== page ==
1. This covenant was made from eternity.

In the first chapter of the Epistle to the Ephesians, St. Paul, speaking of himself and his fellow-Christians, says, • Blessed be the God and Father of our Lord Jesus Christ, who hath blessed us with all spiritual blessings in heavenly places in (or through) Christ, according as he hath chosen us in him before the foundation of the world, that we should be holy and without blame before him in love ; having predestinated us unto the adoption of children, by Jesus Christ, to himself, according to the good pleasure of his will. In this passage St. Paul teaches us, that God blesses his church, or Christians, with all spiritual blessings; or, as in the Original, with every spiritual blessing; through Christ, according as he hath chosen us in him before the foundation of the world :' and that he has predestinated us, particularly, unto the adoption of children unto himself,' through Christ also.

This choice of his church, then, this predestination of it to the adoption of children through Christ,' existed before the foundation of the world.' But this choice, this predestination of the church to the adoption of children, unto himself through Christ,' is the very same thing which, in another form, is declared in the text. The covenant mentioned in the text was therefore a transaction existing before the foundation of the world; or, as this phraseology uniformly means in the Scriptures, from eternity.

The text itself was written seven hundred years before Christ. It will not be supposed, that the transaction recorded in it was then first admitted into the counsels of God; or that

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he, ' with whom is no variableness, nor shadow of turning,' changed his mind in the days of Isaiah concerning this mighty object. If any person should be at a loss concerning this fact, let him remember that this covenant contains the very same promises which were made to David, Abraham, and our first parents ; to all of whom the same wonderful transaction was, in terms less explicit, disclosed. The transaction itself, and the objects which it involved, were unquestionably the most important parts of the providence of God towards this world. It cannot, therefore, be believed, that it was left unprovided for when the system was originally formed. Undoubtedly it was the object which was chiefly in view in the providence of God, and was an original part of the system. Accordingly, St. Peter says concerning Christ, that he was foreordained before the foundation of the world ;' St. John calls him the Lamb, slain from the foundation of the world ;' and Christ himself, at the day of judgment, styles the state of glory and happiness, destined for the righteous, the kingdom pre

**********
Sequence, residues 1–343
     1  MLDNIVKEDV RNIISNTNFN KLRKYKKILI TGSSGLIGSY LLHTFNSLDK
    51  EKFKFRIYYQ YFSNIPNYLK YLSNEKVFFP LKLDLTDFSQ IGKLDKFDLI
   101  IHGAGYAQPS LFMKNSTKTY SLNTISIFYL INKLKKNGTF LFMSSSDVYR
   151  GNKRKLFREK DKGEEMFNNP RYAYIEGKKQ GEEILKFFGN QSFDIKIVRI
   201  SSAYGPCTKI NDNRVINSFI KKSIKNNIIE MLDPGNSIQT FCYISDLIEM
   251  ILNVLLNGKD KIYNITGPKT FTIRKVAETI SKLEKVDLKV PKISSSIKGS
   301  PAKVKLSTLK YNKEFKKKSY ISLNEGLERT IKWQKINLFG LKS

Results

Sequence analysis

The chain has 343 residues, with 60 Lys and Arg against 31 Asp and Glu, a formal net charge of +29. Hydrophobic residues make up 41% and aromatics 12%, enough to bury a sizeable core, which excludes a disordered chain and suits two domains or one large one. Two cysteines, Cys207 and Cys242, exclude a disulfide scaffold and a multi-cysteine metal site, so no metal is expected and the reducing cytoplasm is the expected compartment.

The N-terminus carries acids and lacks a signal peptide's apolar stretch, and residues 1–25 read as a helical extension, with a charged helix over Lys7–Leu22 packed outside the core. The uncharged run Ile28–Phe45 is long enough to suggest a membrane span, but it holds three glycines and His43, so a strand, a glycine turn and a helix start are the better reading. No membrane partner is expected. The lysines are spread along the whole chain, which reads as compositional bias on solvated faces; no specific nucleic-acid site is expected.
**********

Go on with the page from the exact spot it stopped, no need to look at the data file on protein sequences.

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· pared from the foundation of the world.' Come, ye blessed of my Father, inherit the kingdom prepared for you from the foundation of the world. But this kingdom, and the church which inherits it, is the very subject of the covenant contained in the text.